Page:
A Note on the Audio

To a fault, I’m a nostalgist; I live in the past, inordinately fond of all that I will never be able to remember. Over the past year and a half I’ve probably been 30 of the, circa this writing, 693 views that Alice Notley and Eileen Myles’ 1977 Public Access Television reading has garnered. Being that I’m 33 I was -7 years old in 1977 but seeing two of my favorite poets read their work when they were nearabouts my age (Myles being in their late 20’s, Notley in her early 30’s) is slyly revelatory. I can’t remember this reading but I recall it tenderly. Watching it further reminds me that Alice Notley and Eileen Myles weren’t always Alice Notley and Eileen Myles. They were instead just writers, ones giving occasional readings, the same way we’re all just writers, ones giving occasional readings. Listening to these two poets read in 1977 is inspiring, to resort to that most facile of words. But it’s true—I’m inspired when I watch the past contained within this YouTube clip. And I hope I’m not the only one.

Fonograf Editions, the vinyl record-only poetry press that I co-do, put out an album last year by Eileen Myles, which was a big deal for us. And later this year we’ll also be putting out an album by Alice Notley, one recorded live in Seattle earlier this year. (Thank you so much again for all the help, Seattle Arts & Lectures!) As with Myles’ Aloha/irish trees, we’re really excited about Notley’s LP Live in Seattle. There’s nothing I can say about her poetry that hasn’t been said before, but what I can impart is that I first encountered her work when I was dead-set on writing just one type of poem—a moderately surreal schoolkid gumball type of thing—and reading her selected volume Grave of Light and, of course, immortal Descent of Alette made me fully aware how narrowminded my deadsetting decision was. Alice Notley’s poems made me want to be a better poet in every sense and it’s thus a supreme honor for Fonograf to be putting out an album by her. To be released this September, Live in Seattle features Notley reading poems from her latest book Certain Magical Acts, as well as snippets from the onstage interview and discussion she had with the former owners of Seattle’s amazing poetry-only bookstore Open Books. Insight abounds throughout.

Jeff Alessandrelli, Fonograf Editions

Voices

Found Work (Lost Lace)

Question

New Poem: County

I'm staring at end of bed San Bernardino County
blanket draped    I grew up in that county
now I'm too old to have done that or too far away
inside the microparticles the memory glue of you
The last time I went there Momma's funeral
Then that summer in Needles hottest rain ever recorded
In 2015 the San Bernardino terrorist massacre those

convex faces in their US Border Patrol photo
I am always so sick trying to accommodate what you
do    What do I remember Xmas 2015 everyone al-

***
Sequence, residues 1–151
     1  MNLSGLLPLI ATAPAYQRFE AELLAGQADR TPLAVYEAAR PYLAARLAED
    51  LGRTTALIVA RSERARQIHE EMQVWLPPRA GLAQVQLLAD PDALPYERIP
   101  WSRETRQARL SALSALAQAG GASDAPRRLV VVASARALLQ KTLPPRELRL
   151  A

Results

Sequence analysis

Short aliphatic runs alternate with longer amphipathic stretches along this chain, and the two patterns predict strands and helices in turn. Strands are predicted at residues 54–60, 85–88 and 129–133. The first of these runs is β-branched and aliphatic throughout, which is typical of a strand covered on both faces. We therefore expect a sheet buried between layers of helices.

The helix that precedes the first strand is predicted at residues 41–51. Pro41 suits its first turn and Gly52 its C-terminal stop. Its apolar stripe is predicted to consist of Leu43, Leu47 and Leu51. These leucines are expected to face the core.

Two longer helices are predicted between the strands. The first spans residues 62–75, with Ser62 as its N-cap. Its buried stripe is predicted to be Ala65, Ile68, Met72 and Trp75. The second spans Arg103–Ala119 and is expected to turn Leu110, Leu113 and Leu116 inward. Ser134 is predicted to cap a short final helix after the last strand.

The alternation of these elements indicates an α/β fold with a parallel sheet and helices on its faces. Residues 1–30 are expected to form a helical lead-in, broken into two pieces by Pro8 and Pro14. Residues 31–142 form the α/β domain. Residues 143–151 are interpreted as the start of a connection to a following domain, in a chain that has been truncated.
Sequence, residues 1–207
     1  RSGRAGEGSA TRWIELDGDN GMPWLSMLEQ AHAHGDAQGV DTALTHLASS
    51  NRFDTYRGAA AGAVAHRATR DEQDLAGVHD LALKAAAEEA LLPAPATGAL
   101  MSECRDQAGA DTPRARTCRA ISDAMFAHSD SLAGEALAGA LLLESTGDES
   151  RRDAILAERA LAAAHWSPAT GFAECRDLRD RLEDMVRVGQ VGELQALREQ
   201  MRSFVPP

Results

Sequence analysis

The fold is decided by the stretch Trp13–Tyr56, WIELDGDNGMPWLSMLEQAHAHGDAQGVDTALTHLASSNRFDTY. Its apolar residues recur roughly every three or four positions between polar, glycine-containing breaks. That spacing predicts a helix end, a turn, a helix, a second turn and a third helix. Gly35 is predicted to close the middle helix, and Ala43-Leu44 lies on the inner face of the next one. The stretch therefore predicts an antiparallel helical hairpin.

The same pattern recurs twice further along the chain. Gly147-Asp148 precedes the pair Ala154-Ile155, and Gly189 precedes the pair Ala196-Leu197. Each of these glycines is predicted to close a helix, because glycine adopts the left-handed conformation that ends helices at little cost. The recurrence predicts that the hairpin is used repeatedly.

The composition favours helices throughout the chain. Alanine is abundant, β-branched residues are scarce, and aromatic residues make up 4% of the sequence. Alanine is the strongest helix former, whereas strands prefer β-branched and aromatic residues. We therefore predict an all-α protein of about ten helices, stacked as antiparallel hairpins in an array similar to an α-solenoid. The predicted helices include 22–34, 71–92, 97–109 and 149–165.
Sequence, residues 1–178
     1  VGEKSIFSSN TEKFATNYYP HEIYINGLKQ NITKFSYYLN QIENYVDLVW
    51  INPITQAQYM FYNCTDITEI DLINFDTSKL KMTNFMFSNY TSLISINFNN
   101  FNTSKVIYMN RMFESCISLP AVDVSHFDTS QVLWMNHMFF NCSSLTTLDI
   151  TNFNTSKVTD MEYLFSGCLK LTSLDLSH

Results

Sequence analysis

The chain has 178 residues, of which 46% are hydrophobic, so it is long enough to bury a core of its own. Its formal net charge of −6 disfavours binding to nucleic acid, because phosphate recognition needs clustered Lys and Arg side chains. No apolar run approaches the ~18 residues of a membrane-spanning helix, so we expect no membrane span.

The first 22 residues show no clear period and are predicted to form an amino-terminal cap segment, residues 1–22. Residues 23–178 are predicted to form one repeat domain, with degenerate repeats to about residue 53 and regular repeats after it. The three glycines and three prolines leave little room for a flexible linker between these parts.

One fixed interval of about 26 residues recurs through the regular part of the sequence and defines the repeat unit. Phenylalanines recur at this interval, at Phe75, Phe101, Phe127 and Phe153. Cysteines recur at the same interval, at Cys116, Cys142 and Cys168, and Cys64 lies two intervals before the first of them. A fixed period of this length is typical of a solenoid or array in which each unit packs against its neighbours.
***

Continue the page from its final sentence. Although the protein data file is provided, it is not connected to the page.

ready sad here from Nov 13 attentats    and those that
the whole Arab world endures the poem coheres
the one you didn't want you say was she too
rich for heartbreak or she too successful

I didn't know something what was it how to be
popular I'd tried not to since I discovered you had to
kill at least figuratively    you might wish an
entire race dead or pity another every day
'she is using it'    high above and maybe above
you I hear the tones whir change    what's hate
something that feels really good I've been told

wear shades wear a mask or cloth over-face who
a Venetian when the play starts to protect you
from scrutiny for what purpose at perpetual
carnival a lit crit favorite    don't enter he says I'm
cleaning up now I realize I didn't properly I say
fill out the application for the TS Eliot Award
now it's too late in my life in a popular quartier

Yet I'm dreaming of you O memory
how you protect from dissolution the stars any kind
if I could only know what really happened
I had to she says the terrorist by my logic what
else is there    the memory that love is I say
that I will give you anyway all there is being
intermixture but the greatest of these isn't faith but illogical charity

Alice Notley

Alice Notley was born in Bisbee, Arizona in 1945 and grew up in Needles, California in the Mojave Desert. She was educated in the Needles public schools, Barnard College, and The Writers Workshop, University of Iowa. She is the author of numerous books of poetry, and of essays and talks on poetry, and has edited and co-edited books by Ted Berrigan and Douglas Oliver. She edited the magazine CHICAGO in the 70s and co-edited with Oliver the magazines SCARLET and Gare du Nord in the 90s. She is the recipient of the Los Angeles Times Book Award, the Griffin Prize, the Shelley Memorial Award, the Lenore Marshall Prize, and the Poetry Foundation’s Ruth Lilly Prize. Her latest book is Certain Magical Acts, from Penguin.

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